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There is a small loop trail at the summit of Mt. Eisenhower offering slightly different views.

This trail begins at 2000' elevation on the eastern side of Mt. Clinton Road, approximately 2 miles from the junction of Route 302 and Mt. Clinton Road. The trail ends at the junction with Crawford Path in the Mountains Eisenhower-Franklin saddle, 4450' elevation.

From the Mt. Clinton Road, Edmands Path crosses Abenaki Brook at a gentle grade for the first mile. The upper .5 mile is graded. The Path steepens as it climbs the north face of Mt. Eisenhower to join Crawford Path above the timberline. This path is the easiest route from the Bretton Woods area to Mt. Washington and the Southern Peaks. It also provides the fastest route down from Crawford Path in the area between Mt. Eisenhower and Mt. Monroe.

A striking change in vegetation occurs on the mountainous ascent. Forests of maple, beech and birch are present in the valley floors, extending up to about 3500' elevation. Spruce and fir enter in, gradually taking over. Trees are shorter approaching timberline, forming the stunted spruce-fir known as krummholz (German for "crooked wood"). Timberline, where trees are less than 8 feet in height, occurs lower on exposed western slopes than on warmer eastern slopes, due to prevailing winds.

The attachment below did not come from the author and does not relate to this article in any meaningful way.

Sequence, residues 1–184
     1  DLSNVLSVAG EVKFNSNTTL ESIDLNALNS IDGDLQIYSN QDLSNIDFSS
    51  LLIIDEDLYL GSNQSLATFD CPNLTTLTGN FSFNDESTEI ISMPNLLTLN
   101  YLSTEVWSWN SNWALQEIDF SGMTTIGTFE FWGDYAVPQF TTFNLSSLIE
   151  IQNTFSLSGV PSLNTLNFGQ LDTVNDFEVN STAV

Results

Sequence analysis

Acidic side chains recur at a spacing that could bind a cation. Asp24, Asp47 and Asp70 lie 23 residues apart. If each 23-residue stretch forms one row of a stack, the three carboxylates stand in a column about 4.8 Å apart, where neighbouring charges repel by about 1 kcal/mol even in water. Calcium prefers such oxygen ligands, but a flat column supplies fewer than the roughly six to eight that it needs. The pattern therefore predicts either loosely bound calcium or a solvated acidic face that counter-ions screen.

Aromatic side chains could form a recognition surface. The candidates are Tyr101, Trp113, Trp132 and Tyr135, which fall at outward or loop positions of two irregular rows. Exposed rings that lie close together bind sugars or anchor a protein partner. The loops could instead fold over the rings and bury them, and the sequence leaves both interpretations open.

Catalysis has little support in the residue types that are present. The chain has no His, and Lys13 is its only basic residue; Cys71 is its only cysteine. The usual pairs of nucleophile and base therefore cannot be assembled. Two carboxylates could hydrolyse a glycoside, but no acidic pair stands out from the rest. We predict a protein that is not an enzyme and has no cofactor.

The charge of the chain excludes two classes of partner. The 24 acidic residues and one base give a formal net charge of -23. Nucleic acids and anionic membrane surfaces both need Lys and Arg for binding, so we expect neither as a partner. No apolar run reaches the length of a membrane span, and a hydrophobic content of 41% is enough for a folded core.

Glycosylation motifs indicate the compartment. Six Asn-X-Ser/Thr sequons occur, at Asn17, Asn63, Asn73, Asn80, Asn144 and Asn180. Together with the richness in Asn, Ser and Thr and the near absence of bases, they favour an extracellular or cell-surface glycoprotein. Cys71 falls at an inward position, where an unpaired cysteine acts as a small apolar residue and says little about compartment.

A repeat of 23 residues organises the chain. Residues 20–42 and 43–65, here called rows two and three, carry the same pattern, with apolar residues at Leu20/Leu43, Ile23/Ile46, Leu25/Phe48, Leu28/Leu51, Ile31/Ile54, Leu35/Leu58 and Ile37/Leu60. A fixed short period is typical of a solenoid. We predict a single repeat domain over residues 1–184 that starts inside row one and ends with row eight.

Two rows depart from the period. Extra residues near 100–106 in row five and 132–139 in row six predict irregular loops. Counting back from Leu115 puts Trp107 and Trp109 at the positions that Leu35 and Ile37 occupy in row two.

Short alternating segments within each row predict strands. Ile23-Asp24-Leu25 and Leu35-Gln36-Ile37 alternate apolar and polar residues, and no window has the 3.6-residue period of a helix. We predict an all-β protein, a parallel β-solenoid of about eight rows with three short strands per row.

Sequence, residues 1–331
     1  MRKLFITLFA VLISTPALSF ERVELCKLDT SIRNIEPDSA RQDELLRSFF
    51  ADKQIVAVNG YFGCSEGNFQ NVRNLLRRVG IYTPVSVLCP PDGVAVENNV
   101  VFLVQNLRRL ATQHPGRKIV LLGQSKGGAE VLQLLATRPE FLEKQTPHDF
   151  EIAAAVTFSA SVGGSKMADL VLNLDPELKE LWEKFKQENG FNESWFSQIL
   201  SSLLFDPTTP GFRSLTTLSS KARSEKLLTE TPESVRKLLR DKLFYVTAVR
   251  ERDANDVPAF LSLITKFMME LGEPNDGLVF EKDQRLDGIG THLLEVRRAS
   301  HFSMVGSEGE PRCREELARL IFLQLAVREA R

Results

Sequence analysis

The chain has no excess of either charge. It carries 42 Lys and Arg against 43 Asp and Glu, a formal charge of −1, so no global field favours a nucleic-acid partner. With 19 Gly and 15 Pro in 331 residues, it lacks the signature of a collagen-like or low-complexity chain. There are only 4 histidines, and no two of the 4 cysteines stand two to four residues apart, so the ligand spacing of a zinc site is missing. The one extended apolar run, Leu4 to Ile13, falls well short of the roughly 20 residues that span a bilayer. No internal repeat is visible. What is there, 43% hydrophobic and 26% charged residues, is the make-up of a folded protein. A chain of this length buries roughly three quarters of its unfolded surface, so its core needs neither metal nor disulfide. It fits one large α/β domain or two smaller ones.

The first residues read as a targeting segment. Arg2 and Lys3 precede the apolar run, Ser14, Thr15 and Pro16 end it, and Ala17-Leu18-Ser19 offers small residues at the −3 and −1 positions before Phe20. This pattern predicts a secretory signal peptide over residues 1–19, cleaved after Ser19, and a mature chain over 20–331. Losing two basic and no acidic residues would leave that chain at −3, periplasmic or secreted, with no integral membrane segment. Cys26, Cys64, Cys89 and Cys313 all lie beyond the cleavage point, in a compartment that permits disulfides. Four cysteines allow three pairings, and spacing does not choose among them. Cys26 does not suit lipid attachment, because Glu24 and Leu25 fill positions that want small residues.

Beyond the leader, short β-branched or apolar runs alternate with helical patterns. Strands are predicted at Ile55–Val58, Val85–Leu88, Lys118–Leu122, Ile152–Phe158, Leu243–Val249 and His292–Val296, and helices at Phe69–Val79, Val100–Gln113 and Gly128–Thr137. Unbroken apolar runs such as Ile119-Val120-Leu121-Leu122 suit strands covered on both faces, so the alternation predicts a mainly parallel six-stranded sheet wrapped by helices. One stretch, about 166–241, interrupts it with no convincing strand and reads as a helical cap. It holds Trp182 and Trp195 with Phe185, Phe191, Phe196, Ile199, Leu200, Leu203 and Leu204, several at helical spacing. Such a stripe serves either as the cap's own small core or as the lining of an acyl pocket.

Above timberline is the spectacular and easily damaged alpine zone. Soil here is very thin. Plants found here have adapted for survival in these harsh conditions but have little resistance to human trampling. Help preserve rare and fragile alpine vegetation by staying on the trail thus concentrating damage to a narrow strip. Protecting the alpine zone is very important because once destroyed, the soil becomes highly vulnerable to erosion and revegetation is very slow.

Directions: From US 3 north of I-93, NH, Travel US 3 east to where it intersects with US 302. Take US 302 east for several miles to where it forks with Base Road. Travel Base Road to Mt. Clinton Road. Turn right (south) onto Mt. Clinton Road and travel about 2 miles to the trailhead which is on the left (east). Stay on Base Road and travel 1 more mile to the trailhead on the north side of the road.

Elevation: 4,760 feet

Elevation Gain: 2,750 feet

Difficulty: Strenuous

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White Mountain National Forest, New Hampshire

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The details, dates, and prices mentioned here were accurate at the time of publication.

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